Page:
You can prove that Archimedes principle experimentally by applying the following steps:

  1. Take a metal object and determine whether it is made of aluminum, brass, copper, or iron (steel).
  2. Record the material on your data sheet.
  3. Measure and record the mass of your metal object.
  4. Measure and record the mass of the wood block.
  5. Temporarily remove the pan from the balance. Raise the shelf to its highest position. Replace the pan. Check that your balance is still zeroed.
  6. Fill a beaker about ¾ full of water and place it on the shelf.
  7. Attach a string to the metal object and suspend it from one of the hooks where the pan attaches to the balance.
  8. Adjust the amount of water in the beaker and/or the length of the string so that the metal object is completely submerged in the water, but not touching the sides or bottom of the beaker.
  9. Measure and record the balance reading.
  10. Remove the metal object and replace it with the wooden block and the metal sinker, with only the metal sinker  completely submerged. Measure and record the balance reading.
  11. Make sure neither object is touching the beaker.
  12. Repeat the previous step with both the sinker and the wooden block completely submerged.
  13. Empty the beaker and put the lab equipment away. Wipe up any water on the balance or lab table.

Source: Archimedes’ principle. Available at: https://collegeofsanmateo.edu/physics/docs/physics210/lab11.pdf (Accessed: 26 June 2024).

How is Archimedes principle used in modern science?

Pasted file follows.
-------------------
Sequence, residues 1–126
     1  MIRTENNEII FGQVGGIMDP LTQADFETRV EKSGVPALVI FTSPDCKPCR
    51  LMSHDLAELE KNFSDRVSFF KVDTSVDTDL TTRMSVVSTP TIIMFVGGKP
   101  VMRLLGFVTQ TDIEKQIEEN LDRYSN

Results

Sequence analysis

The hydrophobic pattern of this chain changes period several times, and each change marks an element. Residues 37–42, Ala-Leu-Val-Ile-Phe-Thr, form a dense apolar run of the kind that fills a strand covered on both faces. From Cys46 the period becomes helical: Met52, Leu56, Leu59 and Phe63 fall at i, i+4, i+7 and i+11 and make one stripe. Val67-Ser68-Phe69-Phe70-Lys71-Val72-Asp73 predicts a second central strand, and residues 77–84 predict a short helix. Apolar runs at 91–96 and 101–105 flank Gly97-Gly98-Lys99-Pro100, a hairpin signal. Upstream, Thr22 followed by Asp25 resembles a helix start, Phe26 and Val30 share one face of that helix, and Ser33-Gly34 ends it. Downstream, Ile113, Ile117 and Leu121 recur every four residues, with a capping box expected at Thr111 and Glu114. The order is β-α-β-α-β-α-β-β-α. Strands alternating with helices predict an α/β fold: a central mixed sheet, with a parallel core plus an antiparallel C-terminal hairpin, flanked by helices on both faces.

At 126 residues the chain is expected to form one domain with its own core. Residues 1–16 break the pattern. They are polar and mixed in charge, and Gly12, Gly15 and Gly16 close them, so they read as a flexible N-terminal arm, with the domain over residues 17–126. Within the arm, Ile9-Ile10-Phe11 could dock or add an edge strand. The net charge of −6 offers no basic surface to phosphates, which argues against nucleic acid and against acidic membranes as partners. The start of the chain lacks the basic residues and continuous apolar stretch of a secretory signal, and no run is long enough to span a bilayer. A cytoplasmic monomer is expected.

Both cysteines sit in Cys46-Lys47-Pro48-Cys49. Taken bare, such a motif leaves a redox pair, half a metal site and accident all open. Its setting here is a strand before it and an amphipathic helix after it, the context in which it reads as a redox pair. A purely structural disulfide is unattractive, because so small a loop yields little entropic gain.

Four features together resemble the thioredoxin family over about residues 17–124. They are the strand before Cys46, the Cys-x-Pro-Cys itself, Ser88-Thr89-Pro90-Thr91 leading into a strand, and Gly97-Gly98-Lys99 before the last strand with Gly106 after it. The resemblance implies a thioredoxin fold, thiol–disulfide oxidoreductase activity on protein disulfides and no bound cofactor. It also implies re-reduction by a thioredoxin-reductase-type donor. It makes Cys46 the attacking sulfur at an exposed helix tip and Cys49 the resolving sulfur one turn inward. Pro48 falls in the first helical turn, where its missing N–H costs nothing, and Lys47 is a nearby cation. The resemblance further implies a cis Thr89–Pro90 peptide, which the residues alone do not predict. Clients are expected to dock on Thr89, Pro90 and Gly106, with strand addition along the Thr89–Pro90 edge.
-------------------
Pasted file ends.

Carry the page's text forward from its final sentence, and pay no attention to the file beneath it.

How is Archimedes principle used in modern science?

There are several applications and uses of Archimedes principle in modern science such as:

  • Calculating the volume of any solid that has irregular shape.
  • Determining the relative density or specific gravity (SG) of solid and liquids.
  • Controlling the depth of submarines.
  • Designing ships.
  • Designing life jackets.
  • Designing Hot Air Balloons.
  • Understanding the mechanism of diving, swimming and floating.

Explore Archimedes Principle Virtual Laboratory in Science Education

Virtual laboratories simulations play a vital role in science education, as they enrich the experimentation process through visual aids that guide the students through the process. Students no longer get stuck but rather enjoy the help of a virtual lab partner when needed, while also receiving guidance to prevent wrong choices. Moreover, students are quickly tested on the basic results of their experiments to ensure an enhanced learning experience.

On PraxiLabs, we provide our students with a smart 3D realistic simulation for Archimedes principle .. Try it now for free!

Archimedes principle simulation from PraxiLabs aims to determine the specific gravity of a solid “ρs” and the specific gravity of a liquid “ρL”.

By weighing a body in air, water and a liquid, we can detect the specific gravity of the body and the liquid through simple relations that are based on Archimedes’ principle.

By the end of the experiment, students can:

  • Understand and explain Archimedes’ principle.
  • Apply Archimedes’ principle to a body that is completely immersed in water and other liquids.
  • Set up an experiment to determine the specific gravity of both a solid and a liquid.

By applying the following procedures, you will perform  the Archimedes principle simulation from PraxiLabs successfully:

  1. From the drop-down list, choose one liquid (other than water) to determine its specific gravity.
  2. The mass of the body m in air is shown on the balance screen.
  3. Click the Record button to record this value.
  4. Immerse the body inside the beaker full of water and find the mass of the body mw.
  5. Click the Switch Liquids button to bring the beaker with the liquid beneath the body.
  6. Immerse the body inside the beaker full of the liquid.
  7. Click the Record button to record this value mL .
  8. The experiment is complete, and an Excel sheet that contains the recorded data will be downloaded.